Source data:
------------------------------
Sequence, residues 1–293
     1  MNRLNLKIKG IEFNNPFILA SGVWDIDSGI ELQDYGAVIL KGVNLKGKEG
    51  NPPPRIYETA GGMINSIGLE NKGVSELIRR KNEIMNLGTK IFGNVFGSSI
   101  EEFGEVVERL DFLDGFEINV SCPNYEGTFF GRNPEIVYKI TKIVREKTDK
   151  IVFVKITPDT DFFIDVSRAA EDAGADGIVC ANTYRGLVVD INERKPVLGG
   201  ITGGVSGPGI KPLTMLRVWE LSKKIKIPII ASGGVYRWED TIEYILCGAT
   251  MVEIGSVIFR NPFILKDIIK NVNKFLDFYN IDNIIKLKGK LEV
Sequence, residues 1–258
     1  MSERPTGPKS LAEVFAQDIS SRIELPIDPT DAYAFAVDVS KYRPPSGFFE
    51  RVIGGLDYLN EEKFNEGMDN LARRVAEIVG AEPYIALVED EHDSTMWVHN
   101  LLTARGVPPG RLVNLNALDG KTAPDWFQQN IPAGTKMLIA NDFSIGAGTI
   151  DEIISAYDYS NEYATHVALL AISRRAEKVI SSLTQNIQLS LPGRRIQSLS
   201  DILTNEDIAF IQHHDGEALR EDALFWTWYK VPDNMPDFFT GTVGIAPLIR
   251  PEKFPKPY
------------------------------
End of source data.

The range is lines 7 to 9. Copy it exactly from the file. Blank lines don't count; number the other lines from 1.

   251  MVEIGSVIFR NPFILKDIIK NVNKFLDFYN IDNIIKLKGK LEV
Sequence, residues 1–258
     1  MSERPTGPKS LAEVFAQDIS SRIELPIDPT DAYAFAVDVS KYRPPSGFFE